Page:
Here you go Rep.

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reptilist
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Re: Here you go Rep.

Post by reptilist » Thu Apr 02, 2009 10:29 am

If you want to be safe from snakes, just pave it all in!

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Re: Here you go Rep.

Post by Desert Cruiser » Sat Apr 04, 2009 9:42 pm

Reptilist was just trying to explain the fallacy of just photos. It is extremely easy to fool a viewer is you know how to photograph an object to obtain that effect. It's been done with fishing photos for a long time and was also done with a photo of a wind scorpion that floated around the net for a long time and was supposedly photographed in Iraq. Here's an example of the same thing

Image Iggy caught this large mouth in the Colorado River and although is was a nice size bass this photo makes it look even bigger than the 4 lbs that it weighed. Notice her left arm is stretched out straight to put the fish closer to the camera?

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Re: Here you go Rep.

Post by John Hardison » Thu Apr 09, 2009 7:47 am

Allen wrote:
Dan wrote:A snake that size could ruin your whole day.

Big or small, IMO the only good Rattlesnake is a dead one.
I do rattlesnake relocations in Yavapai county (Prescott area) because of two reasons.
#1 To keep people and their pets from injury and expense of snakebit treatment
#2 to return the rattlesnake out of harms ways so they can do what they do best.. Control rodents. I have read that without the snakes rodents would be a worse problem, spreading illness and causing proptery damage.
In 2006 I won a community Hero award and $1000 which I donate the money to the AHA for public Education..
Back in my redneck days, if I saw a rattlesnake, it was a dead snake.. I made hatbands out of them and even deep fried them.. Not anymore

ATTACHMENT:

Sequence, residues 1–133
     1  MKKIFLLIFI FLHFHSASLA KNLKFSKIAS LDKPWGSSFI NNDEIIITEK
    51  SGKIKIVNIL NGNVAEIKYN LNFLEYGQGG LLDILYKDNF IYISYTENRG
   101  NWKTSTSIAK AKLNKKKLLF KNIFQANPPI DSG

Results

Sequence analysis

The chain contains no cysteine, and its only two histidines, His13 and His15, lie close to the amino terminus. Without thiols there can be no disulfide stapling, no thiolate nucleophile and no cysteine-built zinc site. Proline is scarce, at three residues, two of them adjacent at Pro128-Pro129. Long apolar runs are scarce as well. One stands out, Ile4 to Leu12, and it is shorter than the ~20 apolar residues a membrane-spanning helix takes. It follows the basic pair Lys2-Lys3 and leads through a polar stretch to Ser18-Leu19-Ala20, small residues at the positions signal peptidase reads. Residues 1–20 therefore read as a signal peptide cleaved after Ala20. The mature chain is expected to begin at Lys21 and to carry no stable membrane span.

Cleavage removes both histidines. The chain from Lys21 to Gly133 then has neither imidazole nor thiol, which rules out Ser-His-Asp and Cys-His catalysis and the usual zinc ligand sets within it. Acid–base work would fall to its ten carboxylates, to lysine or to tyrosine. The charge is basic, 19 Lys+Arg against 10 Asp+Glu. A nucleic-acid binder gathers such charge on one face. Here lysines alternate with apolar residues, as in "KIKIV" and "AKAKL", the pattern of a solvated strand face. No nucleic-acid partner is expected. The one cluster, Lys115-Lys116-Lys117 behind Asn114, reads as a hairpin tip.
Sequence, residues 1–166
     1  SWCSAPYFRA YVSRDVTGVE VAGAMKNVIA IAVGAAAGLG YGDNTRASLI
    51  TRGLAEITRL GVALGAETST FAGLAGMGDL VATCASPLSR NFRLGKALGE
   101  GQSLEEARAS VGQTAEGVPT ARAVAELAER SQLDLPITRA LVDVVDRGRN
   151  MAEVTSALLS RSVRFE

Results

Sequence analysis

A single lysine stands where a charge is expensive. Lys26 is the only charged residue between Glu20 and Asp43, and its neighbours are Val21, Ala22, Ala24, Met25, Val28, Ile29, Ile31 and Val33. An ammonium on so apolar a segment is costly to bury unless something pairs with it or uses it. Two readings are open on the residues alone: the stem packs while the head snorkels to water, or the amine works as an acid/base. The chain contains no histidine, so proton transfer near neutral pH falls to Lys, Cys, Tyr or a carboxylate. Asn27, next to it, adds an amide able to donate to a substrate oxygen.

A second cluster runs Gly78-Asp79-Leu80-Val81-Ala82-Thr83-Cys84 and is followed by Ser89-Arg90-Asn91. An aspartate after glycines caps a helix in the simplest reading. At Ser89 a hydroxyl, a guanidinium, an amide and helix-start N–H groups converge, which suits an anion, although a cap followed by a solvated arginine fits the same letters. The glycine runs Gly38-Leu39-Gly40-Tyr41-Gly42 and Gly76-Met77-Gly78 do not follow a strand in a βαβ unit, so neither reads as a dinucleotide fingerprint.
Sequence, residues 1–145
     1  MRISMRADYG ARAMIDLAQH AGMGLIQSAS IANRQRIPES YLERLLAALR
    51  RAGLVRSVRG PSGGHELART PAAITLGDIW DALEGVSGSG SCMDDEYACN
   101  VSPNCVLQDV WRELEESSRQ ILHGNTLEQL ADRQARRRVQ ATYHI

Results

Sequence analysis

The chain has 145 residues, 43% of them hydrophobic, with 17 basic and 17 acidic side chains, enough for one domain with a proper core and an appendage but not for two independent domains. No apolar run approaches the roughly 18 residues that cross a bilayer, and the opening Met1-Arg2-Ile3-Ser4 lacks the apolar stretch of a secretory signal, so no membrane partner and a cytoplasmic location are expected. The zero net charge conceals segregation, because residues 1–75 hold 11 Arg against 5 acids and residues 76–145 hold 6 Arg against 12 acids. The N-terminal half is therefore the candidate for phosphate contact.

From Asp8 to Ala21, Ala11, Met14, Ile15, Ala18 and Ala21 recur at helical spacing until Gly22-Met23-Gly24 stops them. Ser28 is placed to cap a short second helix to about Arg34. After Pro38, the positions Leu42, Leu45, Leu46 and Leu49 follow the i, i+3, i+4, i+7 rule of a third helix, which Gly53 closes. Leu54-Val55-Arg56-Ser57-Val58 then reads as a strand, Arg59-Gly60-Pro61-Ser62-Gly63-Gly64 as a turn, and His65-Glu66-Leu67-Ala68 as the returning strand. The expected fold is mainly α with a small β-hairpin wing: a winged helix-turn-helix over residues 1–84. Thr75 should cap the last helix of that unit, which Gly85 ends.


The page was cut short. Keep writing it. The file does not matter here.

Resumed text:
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John hardison

Post by reptilist » Thu Apr 09, 2009 8:56 am

Welcometo the forum John!

Like you, in my younger days I did the same thing to snakes that I found. Then, several years ago I developed some clarity and became able to identify my own motivations for that behavior. Essentially it was primal bloodlust, based in fear and justified as precaution.
Of course nowadays I also relocate snakes for my community and I find it to be much more satisfying than inflicting a cruel death.
Most of the community is prejudiced against snakes and will kill them right off. I don't put much effort into changing their minds because it's mostly a waste of time teaching new things to adults...They have to have their own awakening I guess~

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Re: Here you go Rep.

Post by Goldseeker » Thu Apr 09, 2009 11:00 am

You suprise me rep. You say you killed them until only several years ago. Somehow, I thought you were always fond of them. How long ago was it that you stopped killing them? If I see one way out in the desert and its not aggressive towards me or mine, it has no problems. But, sorry, around the house, they have to go. Just too dangerous, and how much does it cost now if you get bit? Its really a no-brainer.

On another note, on another thread on this forum, someone said the M Green may evolve into yet another sub-species, mixed with pacific rattler, producing even more deadly venom? Whats up with this?

The count is now 3 rattlers this spring that people I know have seen. Me zero. Me 1 shovel nosed snake, that is still around here somewhere, although it was moved to the vacant lot behind me. It was just to close to the sliding bedroom door for me. But, moved unhurt. If/when I see that red snake that lives in the firewood pile out back, I will try to get some pics. That one has been there a long time. All the dogs always go there and sniff around, always. Something's in there. Me, I take out firewood with a rake. Those 5 years in Amarillo, Texas instilled a lot of snake-caution in me! I hope!

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Re: Here you go Rep.

Post by reptilist » Thu Apr 09, 2009 11:26 am

The last rattlesnake I killed was probably 1998....There was no good reason for me doing it. I know that for lack of an alternative, in some circumstances, sometimes a snake must be humanely dispatched. But the problem with most folks is that their prejudices close their minds to any other option besides attacking it.